In a spirit of renewed regulatory machismo, the SEC is reportedly investigating whether generic drug company Mylan violated Regulation FD by “sounding excited” and dropping positive hints about upcoming earnings in a 2009 meeting with a analysts and investors, according to today’s Wall Street Journal (page C1).
The incident is a reminder of the risks of what should be normal investor relations activities – meetings and phone calls with the Street. Exactly what happened in the Mylan meeting isn’t clear from the WSJ or a similar Reuters article – but this story is going to be worth following.
According to the WSJ, the SEC has asked Mylan and some analysts who attended the meeting last September – three weeks before the end of the third quarter – what the company said regarding earnings for the quarter. The day after the meeting, the paper said, Mylan shares jumped 7% – and the stock rose further when earnings were reported in late October.
Mylan told the WSJ the company is “confident the communications made during the conference were entirely appropriate.” The meeting wasn’t webcast, and Mylan didn’t issue a news release or file anything with the SEC disclosing information from the meeting – as Reg FD would require if something material was said.
Details so far are scarce. The most color came from analysts cited by the WSJ:
A UBS analyst who attended the Sept. 9 meeting said in a report to clients the next day that Mylan’s “management sounded excited about the upcoming 3Q.” The report added: “although not saying it, management basically implied once again that it was confirming 2010 EPS guidance.” Other analyst notes also said the company was “excited” about reporting earnings.
SEC cases based on Reg FD have been rare. Reuters notes that the Mylan incident is reminiscent of an SEC action against Richard Kogan, former chief executive of another drugmaker, Schering-Plough. Reuters recalls:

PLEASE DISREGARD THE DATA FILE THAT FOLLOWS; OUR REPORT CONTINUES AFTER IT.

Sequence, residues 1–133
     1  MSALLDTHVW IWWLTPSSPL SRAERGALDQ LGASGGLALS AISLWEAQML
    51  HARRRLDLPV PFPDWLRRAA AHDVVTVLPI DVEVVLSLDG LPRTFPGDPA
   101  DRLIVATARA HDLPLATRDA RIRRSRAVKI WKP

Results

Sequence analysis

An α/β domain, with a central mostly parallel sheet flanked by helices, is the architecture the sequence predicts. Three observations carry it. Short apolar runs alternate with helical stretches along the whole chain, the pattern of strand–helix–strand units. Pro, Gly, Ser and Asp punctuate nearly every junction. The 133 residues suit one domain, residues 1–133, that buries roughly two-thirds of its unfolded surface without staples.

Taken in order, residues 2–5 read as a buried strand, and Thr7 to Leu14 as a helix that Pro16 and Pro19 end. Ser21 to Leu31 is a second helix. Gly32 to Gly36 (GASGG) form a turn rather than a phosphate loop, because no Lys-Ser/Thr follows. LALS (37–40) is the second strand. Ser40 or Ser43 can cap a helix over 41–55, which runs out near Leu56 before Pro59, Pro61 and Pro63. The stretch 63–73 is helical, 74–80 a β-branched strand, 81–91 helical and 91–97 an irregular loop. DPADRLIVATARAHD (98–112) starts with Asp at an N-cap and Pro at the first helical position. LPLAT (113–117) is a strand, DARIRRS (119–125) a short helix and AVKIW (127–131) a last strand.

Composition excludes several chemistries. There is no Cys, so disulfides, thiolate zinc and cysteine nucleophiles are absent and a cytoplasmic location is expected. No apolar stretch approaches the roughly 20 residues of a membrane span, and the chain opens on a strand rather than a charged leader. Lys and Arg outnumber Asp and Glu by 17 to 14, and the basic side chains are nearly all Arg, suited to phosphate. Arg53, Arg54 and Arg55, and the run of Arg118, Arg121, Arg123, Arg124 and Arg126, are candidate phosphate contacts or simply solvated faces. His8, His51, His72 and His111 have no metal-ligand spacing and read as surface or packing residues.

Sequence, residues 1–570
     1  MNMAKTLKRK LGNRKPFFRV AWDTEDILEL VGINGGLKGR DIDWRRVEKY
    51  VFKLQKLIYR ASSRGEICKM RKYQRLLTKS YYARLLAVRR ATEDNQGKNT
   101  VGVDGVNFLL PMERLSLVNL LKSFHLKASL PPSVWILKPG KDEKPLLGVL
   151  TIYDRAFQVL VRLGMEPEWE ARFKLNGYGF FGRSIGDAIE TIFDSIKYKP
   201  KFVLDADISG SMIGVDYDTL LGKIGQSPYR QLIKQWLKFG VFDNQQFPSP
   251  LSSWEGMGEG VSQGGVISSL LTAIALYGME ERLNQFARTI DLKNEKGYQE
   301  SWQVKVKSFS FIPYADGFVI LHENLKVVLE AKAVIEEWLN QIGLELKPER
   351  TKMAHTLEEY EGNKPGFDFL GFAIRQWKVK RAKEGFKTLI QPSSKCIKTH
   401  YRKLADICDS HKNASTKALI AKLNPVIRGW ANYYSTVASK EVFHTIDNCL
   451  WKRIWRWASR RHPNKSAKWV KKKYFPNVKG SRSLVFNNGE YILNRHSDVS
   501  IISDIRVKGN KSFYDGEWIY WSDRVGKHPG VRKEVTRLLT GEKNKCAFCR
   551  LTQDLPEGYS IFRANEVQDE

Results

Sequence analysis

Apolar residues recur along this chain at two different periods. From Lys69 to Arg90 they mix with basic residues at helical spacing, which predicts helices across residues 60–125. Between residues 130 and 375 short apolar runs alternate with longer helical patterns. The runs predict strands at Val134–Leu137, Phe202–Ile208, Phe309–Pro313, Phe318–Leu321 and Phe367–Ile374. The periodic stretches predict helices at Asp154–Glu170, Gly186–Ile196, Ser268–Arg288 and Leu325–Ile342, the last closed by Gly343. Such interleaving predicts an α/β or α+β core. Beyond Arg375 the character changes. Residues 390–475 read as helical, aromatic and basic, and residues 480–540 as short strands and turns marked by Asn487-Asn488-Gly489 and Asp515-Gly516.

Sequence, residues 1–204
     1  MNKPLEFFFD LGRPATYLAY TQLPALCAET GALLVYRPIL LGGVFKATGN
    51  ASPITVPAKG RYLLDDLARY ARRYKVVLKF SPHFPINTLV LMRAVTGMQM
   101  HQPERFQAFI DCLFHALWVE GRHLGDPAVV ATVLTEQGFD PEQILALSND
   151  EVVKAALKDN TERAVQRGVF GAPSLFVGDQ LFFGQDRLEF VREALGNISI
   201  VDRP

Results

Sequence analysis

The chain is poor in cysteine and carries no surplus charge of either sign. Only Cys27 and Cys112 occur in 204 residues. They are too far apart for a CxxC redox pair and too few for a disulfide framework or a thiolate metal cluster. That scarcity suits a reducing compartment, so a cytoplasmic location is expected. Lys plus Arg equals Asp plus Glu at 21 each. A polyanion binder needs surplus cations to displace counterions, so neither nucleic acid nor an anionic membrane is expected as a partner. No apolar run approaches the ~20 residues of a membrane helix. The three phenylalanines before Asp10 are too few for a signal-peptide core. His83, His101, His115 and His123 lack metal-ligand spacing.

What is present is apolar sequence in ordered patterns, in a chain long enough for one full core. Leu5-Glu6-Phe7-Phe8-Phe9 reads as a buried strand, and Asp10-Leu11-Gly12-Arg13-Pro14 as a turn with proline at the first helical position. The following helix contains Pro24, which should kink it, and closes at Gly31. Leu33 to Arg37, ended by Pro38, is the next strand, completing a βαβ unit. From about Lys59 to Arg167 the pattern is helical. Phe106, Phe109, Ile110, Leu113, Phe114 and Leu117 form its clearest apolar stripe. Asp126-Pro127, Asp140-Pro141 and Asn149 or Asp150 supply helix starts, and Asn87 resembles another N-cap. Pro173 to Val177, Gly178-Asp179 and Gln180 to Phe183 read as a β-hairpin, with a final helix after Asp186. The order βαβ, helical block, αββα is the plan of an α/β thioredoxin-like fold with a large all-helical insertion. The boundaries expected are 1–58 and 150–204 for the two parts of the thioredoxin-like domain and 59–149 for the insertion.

The SEC investigated [Kogan’s] private meetings in September 2002 with four institutional investors in Boston, three of which were among the company’s largest investors.
“At each of these meetings, through a combination of spoken language, tone, emphasis and demeanor, Kogan disclosed negative and material, nonpublic information regarding Schering’s earnings prospects,” including that the company’s 2003 earnings would significantly decline, the SEC found.
In the Schering-Plough case, the stock price took a dive after the lunch meeting with investors. Publicly, the company remained silent. The CEO was gone a few months later, and Schering-Plough ultimately agreed to pay a $1 million civil penalty to the SEC. Kogan paid $50,000.
So … maybe body language and tone are back in the SEC’s sights. We’ll have to see. Today’s news is a reminder that IR professionals – and senior managers – need to be vigilant about even inadvertent guidance on earnings in private meetings.
One way to prevent this problem is to announce an analyst day in advance and webcast the presentations. That works for larger meetings.
I believe companies also should continue to meet personally with individual investors or small groups – this is how relationships are built. The executive team and IR should rehearse beforehand what’s to be discussed – and not discussed – especially regarding upcoming earnings. If selective disclosure happens, Reg FD prescribes a pretty clear cure: broad disclosure of the information to the market.
What’s your approach to avoiding potential Reg FD problems?